IMO it's no odder than disallowing dicts as dict keys: it's a hack that allows a much faster implementation.
Except that sets are an extremely well-developed concept apart from Python, and you can only go a little way using set-based approaches before sets of sets are a screamingly natural occurrence. In that respect, sets that can't contain sets are akin to limiting integer arithmetic to 32 bits (also a hack that allows a much faster implementation, but screaming speed just isn't Python's forte -- this line of argument belongs more in Fortran-Dev).
That is, like sets of sets in Icon too, this is a notion of inclusion by object identity (although Icon does that on purpose, while the BTree-based set mostly inherits it from that BTrees don't implement any comparison slots). That's very easy to implement. It's braindead if you think of sets as collections of values, but that's what taking pain too seriously leads to.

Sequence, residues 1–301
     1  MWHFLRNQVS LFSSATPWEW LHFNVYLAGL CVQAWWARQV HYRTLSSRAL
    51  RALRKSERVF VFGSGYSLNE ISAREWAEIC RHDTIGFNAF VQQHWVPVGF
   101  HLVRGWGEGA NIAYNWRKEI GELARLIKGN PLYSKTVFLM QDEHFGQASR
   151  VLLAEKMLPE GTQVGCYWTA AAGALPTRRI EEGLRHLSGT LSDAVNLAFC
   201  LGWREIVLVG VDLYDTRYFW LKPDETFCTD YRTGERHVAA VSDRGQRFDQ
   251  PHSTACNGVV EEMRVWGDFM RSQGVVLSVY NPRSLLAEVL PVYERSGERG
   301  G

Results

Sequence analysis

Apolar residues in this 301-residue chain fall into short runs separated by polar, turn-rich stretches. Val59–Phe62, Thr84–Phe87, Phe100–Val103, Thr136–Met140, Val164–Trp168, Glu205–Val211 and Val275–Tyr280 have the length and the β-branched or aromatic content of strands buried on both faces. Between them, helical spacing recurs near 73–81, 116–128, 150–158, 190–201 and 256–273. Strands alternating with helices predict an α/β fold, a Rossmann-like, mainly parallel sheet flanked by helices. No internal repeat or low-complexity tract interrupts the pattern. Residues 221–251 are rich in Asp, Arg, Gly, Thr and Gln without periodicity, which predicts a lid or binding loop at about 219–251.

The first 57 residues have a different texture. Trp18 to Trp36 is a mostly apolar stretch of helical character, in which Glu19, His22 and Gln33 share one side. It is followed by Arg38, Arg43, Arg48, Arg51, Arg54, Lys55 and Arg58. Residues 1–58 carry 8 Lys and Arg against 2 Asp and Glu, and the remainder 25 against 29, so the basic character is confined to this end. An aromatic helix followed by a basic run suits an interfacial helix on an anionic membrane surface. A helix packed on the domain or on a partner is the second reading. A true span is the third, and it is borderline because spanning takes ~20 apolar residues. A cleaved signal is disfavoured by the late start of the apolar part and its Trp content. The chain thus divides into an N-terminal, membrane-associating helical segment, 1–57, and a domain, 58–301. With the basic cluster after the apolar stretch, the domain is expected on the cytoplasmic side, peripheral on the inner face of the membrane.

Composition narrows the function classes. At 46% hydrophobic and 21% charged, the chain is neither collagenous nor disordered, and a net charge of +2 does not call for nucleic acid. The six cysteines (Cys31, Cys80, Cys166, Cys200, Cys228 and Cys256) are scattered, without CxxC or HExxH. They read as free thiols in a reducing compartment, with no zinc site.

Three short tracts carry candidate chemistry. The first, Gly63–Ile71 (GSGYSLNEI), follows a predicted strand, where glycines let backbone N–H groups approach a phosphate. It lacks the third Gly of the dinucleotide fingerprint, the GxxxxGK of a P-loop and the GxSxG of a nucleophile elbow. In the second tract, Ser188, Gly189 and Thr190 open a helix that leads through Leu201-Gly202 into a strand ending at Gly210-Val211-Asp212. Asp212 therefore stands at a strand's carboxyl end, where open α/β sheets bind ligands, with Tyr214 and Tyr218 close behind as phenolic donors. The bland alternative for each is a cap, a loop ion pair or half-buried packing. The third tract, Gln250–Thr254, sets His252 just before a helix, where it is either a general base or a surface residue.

I don't think it is acceptable to have sets-of-sets but test for membership (in that case) by object identity.
If you really think object identity is all that's needed, I suggest we stick to disallowing sets of sets; algorithms needing sets-of-set-object-identities can use id() on the inner sets.
I called the object identity approach "braindead" for those who think of sets as collections of values, and I previously identified myself as one of those suffering the collection-of-values delusion. You can do the modus ponens bit from there <wink>.